|Description:||Under a very high magnification of 455,882X, this transmission electron microscopic (TEM) image revealed some of the ultrastructural morphology exhibited by numbers of rotovirus icosahedral protein capsid particles.|
Rotavirus disease is most common in infants and young children, but adults and older children can also become infected with rotavirus. Once a person has been exposed to rotavirus, it takes about 2 days for symptoms to appear.
- Abdominal pain
Vomiting and watery diarrhea may last from 3 to 8 days in a child who is infected with rotavirus. Additional symptoms include loss of appetite and dehydration (loss of body fluids), which can be especially harmful for infants and young children.
Vaccinated and unvaccinated children may develop rotavirus disease more than once because there are many different types of rotavirus and because neither vaccine nor natural infection provides full immunity (protection) from future infections. Usually a person’s first infection with rotavirus causes the most severe symptoms.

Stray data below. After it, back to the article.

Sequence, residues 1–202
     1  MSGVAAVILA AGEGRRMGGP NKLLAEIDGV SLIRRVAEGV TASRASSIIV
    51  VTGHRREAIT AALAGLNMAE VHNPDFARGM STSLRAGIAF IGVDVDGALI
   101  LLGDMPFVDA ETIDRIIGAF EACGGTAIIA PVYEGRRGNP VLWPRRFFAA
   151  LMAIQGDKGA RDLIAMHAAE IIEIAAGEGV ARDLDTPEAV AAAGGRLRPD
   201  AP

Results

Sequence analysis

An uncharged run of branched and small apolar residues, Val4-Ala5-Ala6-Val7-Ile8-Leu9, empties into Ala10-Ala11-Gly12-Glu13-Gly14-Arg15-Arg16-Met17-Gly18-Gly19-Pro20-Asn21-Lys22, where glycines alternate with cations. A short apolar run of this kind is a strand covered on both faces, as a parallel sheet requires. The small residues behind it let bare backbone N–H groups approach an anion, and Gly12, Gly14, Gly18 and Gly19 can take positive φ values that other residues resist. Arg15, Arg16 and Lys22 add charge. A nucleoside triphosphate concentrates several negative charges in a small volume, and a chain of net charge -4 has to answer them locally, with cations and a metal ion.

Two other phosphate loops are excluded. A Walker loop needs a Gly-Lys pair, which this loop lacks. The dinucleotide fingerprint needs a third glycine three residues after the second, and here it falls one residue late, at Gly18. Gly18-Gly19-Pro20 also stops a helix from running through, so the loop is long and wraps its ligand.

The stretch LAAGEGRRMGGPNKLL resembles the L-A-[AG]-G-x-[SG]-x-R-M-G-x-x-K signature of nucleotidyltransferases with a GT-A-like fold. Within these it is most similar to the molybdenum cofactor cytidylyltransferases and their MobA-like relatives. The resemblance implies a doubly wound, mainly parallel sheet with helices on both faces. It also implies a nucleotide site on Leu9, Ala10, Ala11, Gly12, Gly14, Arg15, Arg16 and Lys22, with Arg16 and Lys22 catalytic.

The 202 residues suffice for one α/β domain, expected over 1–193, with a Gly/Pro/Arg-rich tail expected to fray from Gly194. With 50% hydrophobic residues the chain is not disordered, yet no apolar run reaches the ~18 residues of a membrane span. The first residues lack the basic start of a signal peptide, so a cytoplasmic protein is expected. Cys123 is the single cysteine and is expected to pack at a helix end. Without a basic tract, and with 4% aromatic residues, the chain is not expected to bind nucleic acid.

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|Content Providers(s):||CDC/ Dr. Erskine L. Palmer|
|Links:||CDC - National Center for Immunization and Respiratory Diseases (NCIRD), Division of Viral Diseases: Rotavirus|
CDC – “VPD Surveillance Manual”, 5th Edition, 2011; Rotavirus: Chapter 13-1, by Daniel C. Payne, PhD, MSPH, Mary Wikswo, MPH, and Umesh D. Parashar, MBBS, MPH
|Copyright Restrictions:||None - This image is in the public domain and thus free of any copyright restrictions. As a matter of courtesy we request that the content provider be credited and notified in any public or private usage of this image.|